How Much Worse Could California's 'Station' Fire Be?
Source Newsroom: Virginia Tech
Newswise — Wildfires burn, on average more than four million acres annually in the U.S., according to Shep Zedaker, professor of forestry in the College of Natural Resources at Virginia Tech. "Their damage has increased in intensity because past fire suppression policies have allowed the accumulation of fuel in the form of fallen leaves and excessive plant overgrowth."
Topology and weather are also factors. Regarding the Station fire in California, Zedaker said that because of the 40-years of buildup of tinder dry fuel, "If it was late September-November, and the Santa Anna Winds were up, there would be hundreds or even thousands of homes destroyed because of the Station fire, not 60 or 70."
Zedaker's research interests include wildland fire ecology and protection. One of the nation's experts on forest fires, he often accompanies the U.S. Forest Service or the Virginia Department of Forestry when a disaster occurs.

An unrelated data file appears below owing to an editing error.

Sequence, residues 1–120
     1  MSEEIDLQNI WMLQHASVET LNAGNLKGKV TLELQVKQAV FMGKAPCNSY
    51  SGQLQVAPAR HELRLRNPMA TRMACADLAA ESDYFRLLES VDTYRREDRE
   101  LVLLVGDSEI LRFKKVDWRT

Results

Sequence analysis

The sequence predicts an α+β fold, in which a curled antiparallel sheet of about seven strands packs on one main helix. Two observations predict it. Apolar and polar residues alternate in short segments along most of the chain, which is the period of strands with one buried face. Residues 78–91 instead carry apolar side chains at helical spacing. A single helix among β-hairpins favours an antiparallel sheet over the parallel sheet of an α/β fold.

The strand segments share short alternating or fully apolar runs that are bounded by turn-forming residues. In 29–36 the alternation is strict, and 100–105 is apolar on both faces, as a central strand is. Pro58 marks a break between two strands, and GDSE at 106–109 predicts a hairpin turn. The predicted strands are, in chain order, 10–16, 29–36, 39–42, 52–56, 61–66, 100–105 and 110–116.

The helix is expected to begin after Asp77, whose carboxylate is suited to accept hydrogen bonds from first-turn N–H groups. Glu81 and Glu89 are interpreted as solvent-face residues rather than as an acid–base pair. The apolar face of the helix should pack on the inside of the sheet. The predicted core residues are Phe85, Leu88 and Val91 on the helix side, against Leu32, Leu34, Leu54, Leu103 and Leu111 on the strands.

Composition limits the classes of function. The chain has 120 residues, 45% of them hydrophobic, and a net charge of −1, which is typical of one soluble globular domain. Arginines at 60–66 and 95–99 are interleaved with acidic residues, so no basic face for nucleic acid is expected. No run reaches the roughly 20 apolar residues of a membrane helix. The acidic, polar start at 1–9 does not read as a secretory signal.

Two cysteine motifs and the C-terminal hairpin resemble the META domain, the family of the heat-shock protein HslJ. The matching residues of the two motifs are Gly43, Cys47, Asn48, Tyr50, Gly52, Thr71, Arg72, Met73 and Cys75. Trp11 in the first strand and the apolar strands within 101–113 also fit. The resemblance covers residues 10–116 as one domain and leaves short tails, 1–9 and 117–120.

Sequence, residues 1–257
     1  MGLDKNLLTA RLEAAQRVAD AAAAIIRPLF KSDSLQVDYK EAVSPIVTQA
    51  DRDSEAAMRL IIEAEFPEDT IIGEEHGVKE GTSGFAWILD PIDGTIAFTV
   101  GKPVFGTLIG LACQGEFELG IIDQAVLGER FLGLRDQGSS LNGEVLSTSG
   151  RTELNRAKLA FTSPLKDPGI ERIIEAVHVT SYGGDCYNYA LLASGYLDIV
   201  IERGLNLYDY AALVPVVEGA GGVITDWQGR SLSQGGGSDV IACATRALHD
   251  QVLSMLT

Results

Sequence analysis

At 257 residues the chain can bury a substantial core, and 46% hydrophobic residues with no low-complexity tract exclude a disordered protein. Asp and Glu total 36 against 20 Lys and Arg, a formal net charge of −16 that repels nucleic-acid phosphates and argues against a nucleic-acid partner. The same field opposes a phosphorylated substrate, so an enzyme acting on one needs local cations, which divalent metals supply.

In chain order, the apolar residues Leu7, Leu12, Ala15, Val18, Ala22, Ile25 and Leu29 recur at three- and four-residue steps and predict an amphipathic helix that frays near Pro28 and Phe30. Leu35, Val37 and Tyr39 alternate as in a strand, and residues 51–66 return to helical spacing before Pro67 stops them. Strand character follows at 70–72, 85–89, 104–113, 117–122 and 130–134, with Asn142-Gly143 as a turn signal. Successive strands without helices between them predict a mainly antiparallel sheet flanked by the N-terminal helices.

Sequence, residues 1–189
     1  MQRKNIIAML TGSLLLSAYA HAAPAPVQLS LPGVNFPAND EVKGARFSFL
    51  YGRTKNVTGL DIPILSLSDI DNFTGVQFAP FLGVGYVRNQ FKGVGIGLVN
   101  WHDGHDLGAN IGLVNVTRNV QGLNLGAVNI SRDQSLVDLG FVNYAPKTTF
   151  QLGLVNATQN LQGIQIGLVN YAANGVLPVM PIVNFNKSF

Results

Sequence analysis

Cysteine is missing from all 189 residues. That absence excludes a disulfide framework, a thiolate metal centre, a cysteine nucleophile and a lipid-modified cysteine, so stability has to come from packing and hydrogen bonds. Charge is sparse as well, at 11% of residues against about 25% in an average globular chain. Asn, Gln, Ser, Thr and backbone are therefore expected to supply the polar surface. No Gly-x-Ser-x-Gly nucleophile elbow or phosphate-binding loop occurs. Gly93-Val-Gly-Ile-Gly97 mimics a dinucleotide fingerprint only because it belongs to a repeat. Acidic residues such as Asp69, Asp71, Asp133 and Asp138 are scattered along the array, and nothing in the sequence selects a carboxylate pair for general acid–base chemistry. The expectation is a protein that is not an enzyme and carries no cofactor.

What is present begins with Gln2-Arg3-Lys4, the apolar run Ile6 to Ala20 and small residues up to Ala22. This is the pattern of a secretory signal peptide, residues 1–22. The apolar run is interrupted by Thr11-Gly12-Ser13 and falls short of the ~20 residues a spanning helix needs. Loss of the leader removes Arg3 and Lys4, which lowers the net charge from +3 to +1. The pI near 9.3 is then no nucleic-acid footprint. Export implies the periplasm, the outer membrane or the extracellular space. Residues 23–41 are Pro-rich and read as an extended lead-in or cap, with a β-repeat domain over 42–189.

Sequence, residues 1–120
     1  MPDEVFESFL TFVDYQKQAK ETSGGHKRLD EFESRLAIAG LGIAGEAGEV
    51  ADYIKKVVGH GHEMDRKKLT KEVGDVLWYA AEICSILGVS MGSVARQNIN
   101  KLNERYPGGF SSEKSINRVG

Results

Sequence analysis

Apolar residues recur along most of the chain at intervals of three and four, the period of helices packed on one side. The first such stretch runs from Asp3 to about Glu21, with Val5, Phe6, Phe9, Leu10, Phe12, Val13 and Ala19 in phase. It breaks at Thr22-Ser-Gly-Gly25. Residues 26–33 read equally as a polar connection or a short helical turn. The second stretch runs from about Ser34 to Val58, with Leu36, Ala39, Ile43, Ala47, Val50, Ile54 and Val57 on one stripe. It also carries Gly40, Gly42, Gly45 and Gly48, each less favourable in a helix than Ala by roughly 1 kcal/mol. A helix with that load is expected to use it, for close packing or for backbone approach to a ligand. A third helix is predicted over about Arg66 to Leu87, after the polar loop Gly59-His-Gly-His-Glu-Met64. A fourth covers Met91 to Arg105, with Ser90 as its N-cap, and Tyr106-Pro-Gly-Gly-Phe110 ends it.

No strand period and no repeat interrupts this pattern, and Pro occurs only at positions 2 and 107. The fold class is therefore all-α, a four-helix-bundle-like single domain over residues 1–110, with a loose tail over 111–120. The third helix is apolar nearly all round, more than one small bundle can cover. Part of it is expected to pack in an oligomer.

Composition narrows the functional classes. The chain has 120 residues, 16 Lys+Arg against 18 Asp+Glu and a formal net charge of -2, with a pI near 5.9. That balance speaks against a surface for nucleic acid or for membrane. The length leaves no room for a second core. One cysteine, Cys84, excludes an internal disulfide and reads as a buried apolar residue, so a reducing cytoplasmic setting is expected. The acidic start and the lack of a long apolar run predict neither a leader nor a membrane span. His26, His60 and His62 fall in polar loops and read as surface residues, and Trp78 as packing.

Topics he can address include:
* Fire Effects on the Environment
* Fire Weather/Fire Behavior
* Fire Danger Rating System
* Fire Suppression Basics
* Prescribed Fire
He also teaches "Wildland Fire: Ecology and Management;" and "Forest Protection," which includes fire management, forest fire behavior and fire weather. The second course includes conducting a prescribed burn to provide knowledge of prescribed burning techniques and fire control methodology, or students may participate in a wildfire control effort as a substitution for the prescribed burning lab.
The Fire Management section of Forest Protection is designed to provide forestry students with basic knowledge of how fire impacts forest environments and how the environment influences fire behavior. An in-depth knowledge of the influences of weather on fire behavior is critical to the use of fire as a forest management tool and for safe and efficient fire suppression.
Learn more about Dr. Zedaker at: http://www.forestry.vt.edu/Faculty/ShepZedaker.html